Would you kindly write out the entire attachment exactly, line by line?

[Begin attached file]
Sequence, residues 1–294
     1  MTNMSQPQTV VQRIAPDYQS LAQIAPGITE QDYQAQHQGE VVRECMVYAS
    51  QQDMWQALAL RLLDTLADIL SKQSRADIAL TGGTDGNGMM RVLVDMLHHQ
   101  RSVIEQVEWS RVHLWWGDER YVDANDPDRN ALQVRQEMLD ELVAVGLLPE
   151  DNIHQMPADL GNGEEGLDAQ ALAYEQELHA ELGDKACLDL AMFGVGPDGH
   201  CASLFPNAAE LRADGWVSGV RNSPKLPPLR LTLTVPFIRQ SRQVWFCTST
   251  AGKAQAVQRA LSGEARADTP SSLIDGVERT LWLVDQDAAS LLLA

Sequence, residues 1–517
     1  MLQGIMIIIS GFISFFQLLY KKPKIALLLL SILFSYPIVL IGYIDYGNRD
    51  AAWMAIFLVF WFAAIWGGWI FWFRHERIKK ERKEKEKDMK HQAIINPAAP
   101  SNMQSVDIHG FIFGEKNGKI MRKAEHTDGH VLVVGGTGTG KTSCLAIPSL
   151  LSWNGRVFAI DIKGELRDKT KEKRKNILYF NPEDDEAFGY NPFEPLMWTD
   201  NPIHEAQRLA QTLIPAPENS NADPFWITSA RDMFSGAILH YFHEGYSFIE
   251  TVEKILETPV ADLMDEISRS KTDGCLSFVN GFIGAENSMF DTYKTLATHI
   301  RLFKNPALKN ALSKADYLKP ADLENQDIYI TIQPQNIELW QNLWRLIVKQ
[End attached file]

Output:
Sequence, residues 1–294
     1  MTNMSQPQTV VQRIAPDYQS LAQIAPGITE QDYQAQHQGE VVRECMVYAS
    51  QQDMWQALAL RLLDTLADIL SKQSRADIAL TGGTDGNGMM RVLVDMLHHQ
   101  RSVIEQVEWS RVHLWWGDER YVDANDPDRN ALQVRQEMLD ELVAVGLLPE
   151  DNIHQMPADL GNGEEGLDAQ ALAYEQELHA ELGDKACLDL AMFGVGPDGH
   201  CASLFPNAAE LRADGWVSGV RNSPKLPPLR LTLTVPFIRQ SRQVWFCTST
   251  AGKAQAVQRA LSGEARADTP SSLIDGVERT LWLVDQDAAS LLLA

Sequence, residues 1–517
     1  MLQGIMIIIS GFISFFQLLY KKPKIALLLL SILFSYPIVL IGYIDYGNRD
    51  AAWMAIFLVF WFAAIWGGWI FWFRHERIKK ERKEKEKDMK HQAIINPAAP
   101  SNMQSVDIHG FIFGEKNGKI MRKAEHTDGH VLVVGGTGTG KTSCLAIPSL
   151  LSWNGRVFAI DIKGELRDKT KEKRKNILYF NPEDDEAFGY NPFEPLMWTD
   201  NPIHEAQRLA QTLIPAPENS NADPFWITSA RDMFSGAILH YFHEGYSFIE
   251  TVEKILETPV ADLMDEISRS KTDGCLSFVN GFIGAENSMF DTYKTLATHI
   301  RLFKNPALKN ALSKADYLKP ADLENQDIYI TIQPQNIELW QNLWRLIVKQ